Example: Company name + title: “The CEO from the software company, Legalsoft, said he would retire soon”.
In this case, the reader can with a simple google-search look up who the CEO of Legalsoft is, and the document is not anonymized properly.
In this case, you can choose to redact either the title (CEO), the company name (Legalsoft) or both depending on how much information you want to disclose.
However, if the example was stated like this:
“A partner from the global law firm, DLA-Piper, said he would retire soon”
It probably does not need to be redacted. With so many partners in DLA-Piper it would be impossible to find out what partner the author was referring to.
This redaction example is a very common redaction use-case that requires a level of judgement.
Whether you should redact the information or not is up to the caseworker. This is where you get little help from a software redaction tool. Normally, the smaller the company, the higher the chances the information is identifiable and should be redacted.
Redaction example 2: title + location data:
“The CEO from a large pharmaceutical company located in the city of Charlotte in North Carolina”
This is another example of how information in isolation is not identifiable but in combination with other information it is. In this case, if there is only one pharmaceutical company in Charlotte, you can easily figure out who the CEO is. However, if you have a dozen or so pharmaceutical companies in the city it probably isn't.
Again judgement is required to assess whether the information should be redacted or not.
3: Fact based personal identifiers: News, media attention and special events.
Does your case attract media attention? Then it could fall into this category and you should be extra careful when redacting. These are often classified as high risk cases.
I have created this third category which relates more generally to the context and the story in the case - which can be used to identify a person. You might argue that this is also an indirect personal identifier and should be placed in the category above. However, whereas that category relates to specific data points such as company name, location etc, this category relates to the story itself. And the story as a whole can be a personal identifier.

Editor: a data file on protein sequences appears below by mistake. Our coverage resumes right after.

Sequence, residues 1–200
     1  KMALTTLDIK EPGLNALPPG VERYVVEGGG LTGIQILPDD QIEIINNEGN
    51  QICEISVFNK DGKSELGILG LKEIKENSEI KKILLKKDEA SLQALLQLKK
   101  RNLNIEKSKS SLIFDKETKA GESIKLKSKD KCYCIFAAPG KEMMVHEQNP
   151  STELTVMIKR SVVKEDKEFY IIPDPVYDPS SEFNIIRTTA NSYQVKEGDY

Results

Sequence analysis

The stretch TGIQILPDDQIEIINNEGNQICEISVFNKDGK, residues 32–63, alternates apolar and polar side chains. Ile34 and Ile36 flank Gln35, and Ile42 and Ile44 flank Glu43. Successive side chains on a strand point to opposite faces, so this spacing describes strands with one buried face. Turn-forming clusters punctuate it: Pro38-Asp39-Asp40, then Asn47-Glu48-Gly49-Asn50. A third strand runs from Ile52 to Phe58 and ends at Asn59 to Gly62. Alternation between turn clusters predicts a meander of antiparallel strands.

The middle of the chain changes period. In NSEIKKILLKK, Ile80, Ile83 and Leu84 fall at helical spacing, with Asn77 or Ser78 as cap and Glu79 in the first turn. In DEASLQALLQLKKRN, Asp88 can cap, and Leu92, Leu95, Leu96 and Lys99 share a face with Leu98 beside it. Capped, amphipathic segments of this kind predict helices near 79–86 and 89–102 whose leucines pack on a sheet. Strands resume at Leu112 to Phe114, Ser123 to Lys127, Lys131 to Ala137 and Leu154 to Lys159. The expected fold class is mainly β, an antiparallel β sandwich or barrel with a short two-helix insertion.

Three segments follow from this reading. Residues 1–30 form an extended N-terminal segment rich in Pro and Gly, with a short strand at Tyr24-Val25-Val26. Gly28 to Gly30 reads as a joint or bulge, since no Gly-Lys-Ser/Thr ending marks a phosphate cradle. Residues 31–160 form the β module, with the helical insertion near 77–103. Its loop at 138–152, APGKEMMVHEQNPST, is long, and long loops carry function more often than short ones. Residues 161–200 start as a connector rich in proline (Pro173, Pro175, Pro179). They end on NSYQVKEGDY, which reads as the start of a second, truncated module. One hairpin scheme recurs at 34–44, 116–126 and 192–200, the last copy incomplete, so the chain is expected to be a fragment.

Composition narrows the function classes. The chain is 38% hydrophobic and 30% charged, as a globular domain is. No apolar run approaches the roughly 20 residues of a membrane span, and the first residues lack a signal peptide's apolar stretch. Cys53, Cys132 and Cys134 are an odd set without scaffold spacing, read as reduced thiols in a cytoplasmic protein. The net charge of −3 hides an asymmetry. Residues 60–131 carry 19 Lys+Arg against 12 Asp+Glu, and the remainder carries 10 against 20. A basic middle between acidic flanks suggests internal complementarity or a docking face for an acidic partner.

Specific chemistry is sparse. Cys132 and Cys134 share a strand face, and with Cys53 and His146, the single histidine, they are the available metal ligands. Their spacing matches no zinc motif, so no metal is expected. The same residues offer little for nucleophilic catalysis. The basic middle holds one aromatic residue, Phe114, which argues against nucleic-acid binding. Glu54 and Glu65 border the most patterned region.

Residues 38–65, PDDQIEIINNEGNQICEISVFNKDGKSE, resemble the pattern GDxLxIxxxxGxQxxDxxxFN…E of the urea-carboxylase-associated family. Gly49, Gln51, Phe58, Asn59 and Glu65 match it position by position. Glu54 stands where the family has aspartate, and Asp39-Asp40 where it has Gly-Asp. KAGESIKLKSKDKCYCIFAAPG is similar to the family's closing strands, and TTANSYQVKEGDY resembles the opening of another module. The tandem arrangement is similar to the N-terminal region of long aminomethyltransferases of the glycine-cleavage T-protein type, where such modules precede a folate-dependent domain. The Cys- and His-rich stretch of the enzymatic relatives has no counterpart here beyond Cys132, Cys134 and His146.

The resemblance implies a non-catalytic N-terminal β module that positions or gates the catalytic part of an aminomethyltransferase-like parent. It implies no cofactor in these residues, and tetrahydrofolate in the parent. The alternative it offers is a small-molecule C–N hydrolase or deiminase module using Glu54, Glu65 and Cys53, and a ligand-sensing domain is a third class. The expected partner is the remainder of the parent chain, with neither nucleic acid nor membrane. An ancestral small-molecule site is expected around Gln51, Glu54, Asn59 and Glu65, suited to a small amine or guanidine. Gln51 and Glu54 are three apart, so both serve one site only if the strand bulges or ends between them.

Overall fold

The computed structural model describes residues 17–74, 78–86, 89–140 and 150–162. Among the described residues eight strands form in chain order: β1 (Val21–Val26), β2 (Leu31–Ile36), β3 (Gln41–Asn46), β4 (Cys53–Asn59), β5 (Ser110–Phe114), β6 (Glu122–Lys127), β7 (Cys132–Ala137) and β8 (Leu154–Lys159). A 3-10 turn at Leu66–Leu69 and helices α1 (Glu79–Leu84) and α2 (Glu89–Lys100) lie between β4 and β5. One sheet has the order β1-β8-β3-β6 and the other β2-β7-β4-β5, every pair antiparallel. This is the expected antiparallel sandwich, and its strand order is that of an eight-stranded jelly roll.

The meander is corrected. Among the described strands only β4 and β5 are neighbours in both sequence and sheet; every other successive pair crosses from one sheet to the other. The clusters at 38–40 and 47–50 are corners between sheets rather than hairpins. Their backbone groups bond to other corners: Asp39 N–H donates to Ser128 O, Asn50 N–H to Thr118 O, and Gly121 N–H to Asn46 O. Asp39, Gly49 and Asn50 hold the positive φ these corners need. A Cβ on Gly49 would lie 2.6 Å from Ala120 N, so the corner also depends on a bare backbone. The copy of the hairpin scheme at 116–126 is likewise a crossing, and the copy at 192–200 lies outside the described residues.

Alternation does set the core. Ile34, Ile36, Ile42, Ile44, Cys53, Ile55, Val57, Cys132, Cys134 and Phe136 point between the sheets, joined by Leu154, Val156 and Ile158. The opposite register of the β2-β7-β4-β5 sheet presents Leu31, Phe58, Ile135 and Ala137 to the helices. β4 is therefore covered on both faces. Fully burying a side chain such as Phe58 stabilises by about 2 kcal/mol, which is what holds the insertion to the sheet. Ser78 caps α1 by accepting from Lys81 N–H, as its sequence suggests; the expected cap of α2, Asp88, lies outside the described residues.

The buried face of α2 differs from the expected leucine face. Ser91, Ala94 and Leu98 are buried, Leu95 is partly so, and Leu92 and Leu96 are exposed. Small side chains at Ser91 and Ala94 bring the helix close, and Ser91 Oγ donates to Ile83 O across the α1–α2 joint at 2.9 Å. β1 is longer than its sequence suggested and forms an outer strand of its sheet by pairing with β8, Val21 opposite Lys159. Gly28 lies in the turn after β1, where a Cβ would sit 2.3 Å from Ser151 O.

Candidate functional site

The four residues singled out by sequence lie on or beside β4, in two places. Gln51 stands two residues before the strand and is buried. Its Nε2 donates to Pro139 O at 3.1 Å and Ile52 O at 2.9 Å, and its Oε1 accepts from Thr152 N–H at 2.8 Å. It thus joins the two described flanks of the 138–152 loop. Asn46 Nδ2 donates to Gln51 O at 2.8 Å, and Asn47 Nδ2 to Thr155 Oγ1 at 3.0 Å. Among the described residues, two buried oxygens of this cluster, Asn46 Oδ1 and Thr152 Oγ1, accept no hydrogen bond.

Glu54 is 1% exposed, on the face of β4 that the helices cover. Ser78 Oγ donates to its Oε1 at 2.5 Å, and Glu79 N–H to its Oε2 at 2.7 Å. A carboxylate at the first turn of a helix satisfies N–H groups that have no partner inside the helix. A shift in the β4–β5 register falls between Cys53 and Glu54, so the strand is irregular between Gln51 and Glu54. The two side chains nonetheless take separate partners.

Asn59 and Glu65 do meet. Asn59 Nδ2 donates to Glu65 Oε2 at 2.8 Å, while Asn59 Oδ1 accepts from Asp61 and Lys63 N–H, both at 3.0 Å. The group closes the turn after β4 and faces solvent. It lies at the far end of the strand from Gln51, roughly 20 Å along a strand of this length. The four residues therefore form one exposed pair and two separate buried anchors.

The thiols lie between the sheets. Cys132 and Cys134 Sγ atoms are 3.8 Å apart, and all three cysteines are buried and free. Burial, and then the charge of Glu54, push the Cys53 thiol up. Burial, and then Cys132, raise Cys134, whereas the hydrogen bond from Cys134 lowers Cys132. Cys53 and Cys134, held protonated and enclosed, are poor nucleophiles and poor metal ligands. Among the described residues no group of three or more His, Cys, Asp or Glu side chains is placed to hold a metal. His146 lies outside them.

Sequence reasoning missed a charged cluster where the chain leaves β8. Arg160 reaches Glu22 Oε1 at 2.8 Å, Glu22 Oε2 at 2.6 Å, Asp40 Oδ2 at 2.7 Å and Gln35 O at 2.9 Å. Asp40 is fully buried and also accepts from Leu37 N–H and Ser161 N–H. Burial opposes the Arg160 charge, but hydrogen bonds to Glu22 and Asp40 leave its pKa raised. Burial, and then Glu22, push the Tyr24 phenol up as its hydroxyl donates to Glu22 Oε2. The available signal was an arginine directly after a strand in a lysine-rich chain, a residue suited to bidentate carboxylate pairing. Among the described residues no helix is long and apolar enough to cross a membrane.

This is best illustrated with two examples:
Redaction example 3 (fact based personal identifiers):
“Person 1 was sentenced to 10 years in prison for being responsible for the largest bank robbery in the country's history”
Even though Person 1 has been redacted, the person has clearly been involved in a case which has the media's attention. As such, it should be fairly easy to find out who the person is. It is therefore not enough to redact the person's name in order to fully anonymize the document.
Think about whether your case has received media attention at some point - or has the potential to do so. Some cases are more obvious than others. But it doesn´t need to be media attention. It could also be that the story is so special, that it's fairly easy to find out who the person is. This brings us to the last redaction example.
Redaction example 4 (fact based personal identifiers):
“A refugee by the name person 1 swam across the ocean on a pink flamingo beach toy and was very determined to get asylum”
There might not be a media cover story (yet). But the story is so odd that it's easy to find out who has done it.
The fact in the story is said to be personally identifiable.
Be aware of the story in your case. It could be a personal identifier.
Fact based identifiers and indirect personal identifiers are the most difficult redaction types. It is no surprise that it is also where most redaction slip ups happen (in contrast to the Manafort case which was a technical redaction error)
An intelligent software redaction tool like Cleardox can help you identify and redact the direct and indirect identifiers fairly easily. However, fact based identifiers require human judgement since this is alway different from case to case. As such, it would be almost impossible for a redaction software tool to identify these special cases.
That is also the reason why it is nearly impossible to develop a fully automated redaction tool that does not require any human intervention. However, a redaction tool can greatly improve the redaction process by assisting the case worker.
If you are interested in seeing how a redaction tool works sign up for a free demo now.
The Cleardox team